In early October of 2013, I was sitting in CNBC, waiting to talk about Twitter, which had just filed its prospectus (for its initial public offering). I was sharing the room with an analyst who was very bullish on the company, and he asked me what I thought Twitter was worth. When I replied that I had not had a chance to value the company yet, he suggested that I should save myself the trouble, and that the stock was worth at least $60 a share. Curious, I asked him why, and he said that Twitter would use its large user base to make money in the "huge" online advertising market. When I questioned him on how huge the market was, his answer was that he did not have a number, but he just knew that it was "really big". I am thankful to him, since he framed how I started my valuation of Twitter, which is with an assessment of the size of the online advertising market globally. Since I talked to that analyst, I have also become more more aware of the big market argument, and I have seen it used over and over in other markets, often as the primary and sometimes the only reason for assigning high values to companies in these markets. These analysts may very well be right about these markets being very big, but I think that suggesting that a company will be assured growth and profits, just because it targets these markets, not only misses several intermediate steps, but also exposes investors and business-owners to the macro delusion.
Big Markets! Really, Really Big Markets!
Would I rather that my company operate in a big market than a small one? Of course. Increasing market potential, holding all else constant, is good for value, but for that value to be generated, a whole host of other pieces have to fall into place. First, the company has to be able to capture a reasonable market share of that big market, a task that can be made difficult if the market is splintered, localized or intensely competitive. Second, the company has to be able to generate profits in that big market and create value from growth, also a function of the firm's competitive advantages and market pricing constraints. Third, once profitable, the company has to be able to keep new entrants out, easier in some sectors than in others.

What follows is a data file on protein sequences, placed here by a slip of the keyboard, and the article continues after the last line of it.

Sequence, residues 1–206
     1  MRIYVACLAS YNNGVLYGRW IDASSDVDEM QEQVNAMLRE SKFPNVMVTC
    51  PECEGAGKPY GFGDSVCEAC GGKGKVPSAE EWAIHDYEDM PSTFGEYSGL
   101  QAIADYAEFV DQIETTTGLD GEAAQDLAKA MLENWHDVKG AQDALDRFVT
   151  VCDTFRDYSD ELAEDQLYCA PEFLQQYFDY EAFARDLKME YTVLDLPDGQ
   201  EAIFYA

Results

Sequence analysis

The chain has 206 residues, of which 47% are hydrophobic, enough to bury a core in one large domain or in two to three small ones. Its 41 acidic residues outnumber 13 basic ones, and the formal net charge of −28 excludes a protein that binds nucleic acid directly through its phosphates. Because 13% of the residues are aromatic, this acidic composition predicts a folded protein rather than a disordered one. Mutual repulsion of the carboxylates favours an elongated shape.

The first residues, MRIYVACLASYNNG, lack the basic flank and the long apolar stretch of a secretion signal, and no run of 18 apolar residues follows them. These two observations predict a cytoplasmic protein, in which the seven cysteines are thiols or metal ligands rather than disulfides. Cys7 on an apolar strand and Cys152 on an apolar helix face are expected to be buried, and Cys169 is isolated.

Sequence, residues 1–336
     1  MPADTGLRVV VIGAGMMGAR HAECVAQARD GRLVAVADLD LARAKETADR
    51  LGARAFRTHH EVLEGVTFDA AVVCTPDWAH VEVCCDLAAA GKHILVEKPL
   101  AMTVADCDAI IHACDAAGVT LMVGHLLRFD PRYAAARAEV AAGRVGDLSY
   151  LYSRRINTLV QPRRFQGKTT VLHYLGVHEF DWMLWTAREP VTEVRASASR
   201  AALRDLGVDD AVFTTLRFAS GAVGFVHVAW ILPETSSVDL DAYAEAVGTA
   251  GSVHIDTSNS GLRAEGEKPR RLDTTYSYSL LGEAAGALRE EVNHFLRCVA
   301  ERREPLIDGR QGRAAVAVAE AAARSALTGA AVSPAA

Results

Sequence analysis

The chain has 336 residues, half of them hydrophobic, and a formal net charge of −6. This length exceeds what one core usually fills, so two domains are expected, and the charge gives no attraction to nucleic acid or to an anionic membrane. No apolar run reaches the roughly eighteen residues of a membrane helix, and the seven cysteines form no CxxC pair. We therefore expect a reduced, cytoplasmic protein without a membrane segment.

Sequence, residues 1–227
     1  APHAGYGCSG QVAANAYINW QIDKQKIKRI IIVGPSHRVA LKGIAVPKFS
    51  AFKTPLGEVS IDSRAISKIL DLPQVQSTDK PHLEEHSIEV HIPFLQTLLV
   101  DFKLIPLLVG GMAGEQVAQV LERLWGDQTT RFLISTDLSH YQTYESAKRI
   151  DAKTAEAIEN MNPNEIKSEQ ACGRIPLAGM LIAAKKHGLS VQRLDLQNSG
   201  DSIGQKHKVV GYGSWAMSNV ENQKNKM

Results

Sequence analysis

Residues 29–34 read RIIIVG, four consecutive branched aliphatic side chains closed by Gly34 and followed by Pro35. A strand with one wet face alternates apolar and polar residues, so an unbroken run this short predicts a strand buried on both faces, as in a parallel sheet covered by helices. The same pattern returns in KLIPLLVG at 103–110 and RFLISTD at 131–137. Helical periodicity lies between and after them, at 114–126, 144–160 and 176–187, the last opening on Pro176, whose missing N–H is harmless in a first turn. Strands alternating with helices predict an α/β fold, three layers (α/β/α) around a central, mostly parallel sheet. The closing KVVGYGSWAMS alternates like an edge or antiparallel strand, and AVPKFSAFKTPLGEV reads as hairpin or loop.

It is therefore dangerous to base your argument for investing in a company and assigning it high value entirely on the size of the market that it serves, but that danger does not seem stop analysts and investors from doing so. Here are four examples:
China: A billion-plus people makes any market large, and if you add rapid economic growth and a burgeoning middle class to the mix, you have the makings of a marketing wet dream. Visions of millions of cell phones, refrigerators and cars being sold were enough to justify attaching large premiums to companies that had even a peripheral connection to China. The events of the last few weeks have made the China story a little shakier, but it will undoubtedly return, once things settle down.
[drizzle]Online Advertising: It is undeniable that more and more of business advertising is moving online, and this shift has not only pushed Google, Facebook and Alibaba to the front lines of large market cap companies but has been the impetus behind Twitter, Yelp, Linkedin and a host of other social media companies capturing market capitalizations that seem outsized, relative to their operating metrics.